Quality and Safety Impact on Delivery Models in Health Care
Safety in healthcare has received significant focus in the past two decades as the healthcare system endeavor to provide coherent programs to improve safety. Safety programs seek to change culture, processes, and process measurement. The creation of safety standards has impacted healthcare delivery models by setting great levels of performance expected from healthcare workers. Since the release of the ‘To Err is Human report in 1999, stakeholders have contended that safety concerns are a dominant feature across healthcare delivery points, and consumers are often injured while under care (Bates & Singh, 2018). Hospitals across the board have consequently adopted robust scrutiny for the major forms of hospital-acquired infections. Providers continue to adopt effective measures to combat medication errors. This includes computerizing the ordering of medicine to reduce adverse drug events. Safety improvement is being implemented through effective safety culture and good management (Bates & Singh, 2018). Major national policies have been developed to address safety, like the Patient Safety and Quality Improvement Act, and the Centers for Medicare & Medicaid Services (CMS) and the Partnership for Patients are advancing resources to lower preventable injury.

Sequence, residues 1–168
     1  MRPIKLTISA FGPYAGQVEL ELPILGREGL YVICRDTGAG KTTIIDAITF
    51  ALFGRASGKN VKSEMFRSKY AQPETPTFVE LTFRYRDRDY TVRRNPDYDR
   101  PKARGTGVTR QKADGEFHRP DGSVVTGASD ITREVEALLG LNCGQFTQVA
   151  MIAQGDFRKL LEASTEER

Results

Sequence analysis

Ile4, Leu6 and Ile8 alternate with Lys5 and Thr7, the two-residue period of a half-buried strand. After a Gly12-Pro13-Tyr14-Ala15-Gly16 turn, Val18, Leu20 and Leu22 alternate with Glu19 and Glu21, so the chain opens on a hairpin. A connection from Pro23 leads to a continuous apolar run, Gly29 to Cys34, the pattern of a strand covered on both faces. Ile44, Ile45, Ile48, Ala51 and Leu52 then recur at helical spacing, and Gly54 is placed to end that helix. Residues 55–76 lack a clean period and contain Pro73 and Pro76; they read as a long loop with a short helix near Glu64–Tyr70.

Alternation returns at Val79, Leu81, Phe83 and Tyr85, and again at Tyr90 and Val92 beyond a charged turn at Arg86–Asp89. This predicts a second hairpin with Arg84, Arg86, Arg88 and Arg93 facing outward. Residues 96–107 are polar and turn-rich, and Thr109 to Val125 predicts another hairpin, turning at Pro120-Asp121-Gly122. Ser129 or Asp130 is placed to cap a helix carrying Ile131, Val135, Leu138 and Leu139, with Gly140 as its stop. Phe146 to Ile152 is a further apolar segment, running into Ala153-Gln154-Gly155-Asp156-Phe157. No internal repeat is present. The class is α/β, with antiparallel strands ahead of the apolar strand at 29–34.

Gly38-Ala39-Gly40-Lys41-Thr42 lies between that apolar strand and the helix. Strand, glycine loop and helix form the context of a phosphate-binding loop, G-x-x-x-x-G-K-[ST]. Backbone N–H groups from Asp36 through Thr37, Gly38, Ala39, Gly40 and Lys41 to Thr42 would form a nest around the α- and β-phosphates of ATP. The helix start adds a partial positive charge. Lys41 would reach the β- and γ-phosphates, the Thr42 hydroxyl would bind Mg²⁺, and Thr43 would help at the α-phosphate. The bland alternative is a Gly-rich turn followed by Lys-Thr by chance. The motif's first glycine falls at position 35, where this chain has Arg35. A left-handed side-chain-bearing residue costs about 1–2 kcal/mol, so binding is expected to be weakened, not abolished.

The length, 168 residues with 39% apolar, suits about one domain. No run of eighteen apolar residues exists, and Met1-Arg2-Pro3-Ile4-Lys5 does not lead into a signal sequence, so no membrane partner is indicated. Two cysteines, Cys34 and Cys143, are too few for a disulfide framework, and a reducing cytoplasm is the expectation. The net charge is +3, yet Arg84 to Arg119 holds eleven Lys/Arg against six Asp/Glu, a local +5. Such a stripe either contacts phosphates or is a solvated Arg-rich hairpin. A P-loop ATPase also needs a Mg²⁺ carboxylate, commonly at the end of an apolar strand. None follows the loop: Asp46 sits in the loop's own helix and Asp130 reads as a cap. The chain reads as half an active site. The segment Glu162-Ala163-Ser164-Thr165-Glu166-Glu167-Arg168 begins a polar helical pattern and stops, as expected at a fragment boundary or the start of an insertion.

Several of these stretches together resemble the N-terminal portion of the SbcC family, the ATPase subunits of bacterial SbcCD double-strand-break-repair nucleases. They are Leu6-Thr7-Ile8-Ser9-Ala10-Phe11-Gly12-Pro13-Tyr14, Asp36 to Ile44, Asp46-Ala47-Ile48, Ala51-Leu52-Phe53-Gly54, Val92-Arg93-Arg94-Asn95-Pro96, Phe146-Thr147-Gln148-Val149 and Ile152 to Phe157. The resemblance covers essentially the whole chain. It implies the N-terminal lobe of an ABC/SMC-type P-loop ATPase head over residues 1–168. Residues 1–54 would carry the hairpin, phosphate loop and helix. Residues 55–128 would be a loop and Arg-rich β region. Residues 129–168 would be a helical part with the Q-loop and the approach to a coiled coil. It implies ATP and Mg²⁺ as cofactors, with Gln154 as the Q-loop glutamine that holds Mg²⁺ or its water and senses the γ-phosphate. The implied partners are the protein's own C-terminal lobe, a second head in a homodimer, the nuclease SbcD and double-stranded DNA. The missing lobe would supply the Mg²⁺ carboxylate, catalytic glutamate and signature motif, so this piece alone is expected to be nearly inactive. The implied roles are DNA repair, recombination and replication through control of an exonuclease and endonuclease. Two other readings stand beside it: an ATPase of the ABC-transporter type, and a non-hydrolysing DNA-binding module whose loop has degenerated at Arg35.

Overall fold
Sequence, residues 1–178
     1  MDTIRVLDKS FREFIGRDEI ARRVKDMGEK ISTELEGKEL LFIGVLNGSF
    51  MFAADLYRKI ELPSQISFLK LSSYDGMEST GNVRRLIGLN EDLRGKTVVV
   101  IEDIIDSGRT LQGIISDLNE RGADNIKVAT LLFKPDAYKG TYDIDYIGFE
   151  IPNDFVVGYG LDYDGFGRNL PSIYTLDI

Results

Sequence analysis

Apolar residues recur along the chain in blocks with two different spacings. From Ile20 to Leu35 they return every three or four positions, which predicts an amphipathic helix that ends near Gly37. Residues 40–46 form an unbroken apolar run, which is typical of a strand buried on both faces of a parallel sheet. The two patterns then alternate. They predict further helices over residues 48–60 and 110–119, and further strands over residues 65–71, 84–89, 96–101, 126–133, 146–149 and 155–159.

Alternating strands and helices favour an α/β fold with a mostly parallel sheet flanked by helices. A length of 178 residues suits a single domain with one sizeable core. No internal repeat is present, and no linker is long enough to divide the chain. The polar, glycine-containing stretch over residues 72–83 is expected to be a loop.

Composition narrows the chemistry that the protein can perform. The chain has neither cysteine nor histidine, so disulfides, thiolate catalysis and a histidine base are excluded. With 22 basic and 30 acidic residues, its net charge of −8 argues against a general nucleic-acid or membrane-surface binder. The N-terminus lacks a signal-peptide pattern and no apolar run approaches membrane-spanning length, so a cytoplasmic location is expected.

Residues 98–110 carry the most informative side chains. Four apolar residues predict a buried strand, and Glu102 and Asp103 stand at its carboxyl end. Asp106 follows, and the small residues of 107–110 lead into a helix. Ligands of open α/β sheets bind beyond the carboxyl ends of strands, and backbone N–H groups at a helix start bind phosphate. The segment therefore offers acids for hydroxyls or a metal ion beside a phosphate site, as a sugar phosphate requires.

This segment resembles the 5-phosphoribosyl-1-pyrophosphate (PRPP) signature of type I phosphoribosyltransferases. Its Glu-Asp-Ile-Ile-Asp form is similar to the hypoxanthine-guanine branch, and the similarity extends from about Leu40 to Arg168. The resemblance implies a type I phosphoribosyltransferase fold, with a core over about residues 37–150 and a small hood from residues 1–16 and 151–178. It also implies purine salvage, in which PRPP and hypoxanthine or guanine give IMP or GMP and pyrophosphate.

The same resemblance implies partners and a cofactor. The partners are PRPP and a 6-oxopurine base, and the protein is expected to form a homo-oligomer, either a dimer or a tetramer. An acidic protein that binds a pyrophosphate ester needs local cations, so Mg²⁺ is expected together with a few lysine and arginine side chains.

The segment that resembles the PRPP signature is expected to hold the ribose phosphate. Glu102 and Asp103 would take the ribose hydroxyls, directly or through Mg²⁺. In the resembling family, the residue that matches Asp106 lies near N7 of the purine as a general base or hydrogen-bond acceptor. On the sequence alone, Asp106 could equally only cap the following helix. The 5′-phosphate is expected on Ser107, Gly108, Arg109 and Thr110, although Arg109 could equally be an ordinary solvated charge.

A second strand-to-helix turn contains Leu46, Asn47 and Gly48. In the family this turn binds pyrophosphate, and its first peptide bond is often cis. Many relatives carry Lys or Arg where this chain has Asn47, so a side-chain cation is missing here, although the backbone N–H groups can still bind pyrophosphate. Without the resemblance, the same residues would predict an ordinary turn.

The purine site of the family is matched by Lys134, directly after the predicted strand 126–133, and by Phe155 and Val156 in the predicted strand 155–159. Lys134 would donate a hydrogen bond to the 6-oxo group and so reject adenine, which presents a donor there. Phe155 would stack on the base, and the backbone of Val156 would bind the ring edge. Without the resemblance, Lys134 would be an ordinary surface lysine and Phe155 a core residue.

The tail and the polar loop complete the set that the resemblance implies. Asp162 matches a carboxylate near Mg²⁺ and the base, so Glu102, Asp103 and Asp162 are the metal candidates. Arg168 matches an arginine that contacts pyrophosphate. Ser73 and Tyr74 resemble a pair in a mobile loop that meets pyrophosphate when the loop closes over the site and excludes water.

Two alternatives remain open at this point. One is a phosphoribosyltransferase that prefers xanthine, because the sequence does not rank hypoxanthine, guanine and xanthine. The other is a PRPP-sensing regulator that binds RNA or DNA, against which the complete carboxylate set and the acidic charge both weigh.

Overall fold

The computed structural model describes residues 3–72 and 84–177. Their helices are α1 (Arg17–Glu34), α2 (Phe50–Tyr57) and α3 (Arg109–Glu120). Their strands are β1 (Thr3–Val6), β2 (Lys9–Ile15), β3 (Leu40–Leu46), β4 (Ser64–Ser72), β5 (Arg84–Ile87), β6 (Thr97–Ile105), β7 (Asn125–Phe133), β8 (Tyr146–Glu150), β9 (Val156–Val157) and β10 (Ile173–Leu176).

The focus on quality impacts delivery models to produce value-based healthcare systems that provide preventative care that reduces cost. Healthcare practitioners emphasize treatment methods that enable patients to recover quickly and effectively. Healthcare delivery models focus more on improved care coordination and increased patient satisfaction. The models have also focused on more robust cost control and reduced financial risk for consumers. Value-based care is aimed at benefitting patients, payers, and healthcare providers (Vogenberg & Santilli, 2019). Lowering costs results in insurance companies paying less and patients paying lower deductibles and premiums.
As the healthcare ecosystem continues to transform, providers are increasingly implementing accountable and value-based healthcare delivery models. The shift to value-based care from fee-for-service models continues amidst various challenges. Issues that need to continue to be addressed include increasing insurance coverage, addressing population disparities, and determining changes in the healthcare workforce (HealthyPeople, 2020). Federal and state governments and healthcare providers continue to embrace accountable care to bolster the quality of health care and the health of the population and reduce costs.
Bates, D. & Singh, H. (2018). Two decades since To Err Is Human: An assessment of progress and emerging priorities in patient safety. Health Affairs. Web.
IHI. (2020). Triple Aim for populations. Institute for Healthcare Improvement. Web.
HealthyPeople. (2020). Access to health services. Web.
Obucina, M., Harris, N., Fitzgerald, J., Chai, A., Radford, K., Ross, A., Carr, L. & Vecchio, N. (2018). The application of triple aim framework in the context of primary healthcare: A systematic literature review. Health Policy, 122 (8), 900-907. Web.
Roy, J., Hendrikx., H. Drewes., M., Dirk, R., Jeroen, N. & Struijs, C. (2017). Which Triple Aim related measures are being used to evaluate population management initiatives? An international comparative analysis. Health Policy, 120 (5), 471-485. Web.
Vogenberg, F., & Santilli, J. (2019). Key trends in healthcare for 2020 and beyond. American Health & Drug Benefits, 12 (7), 348–350. Web.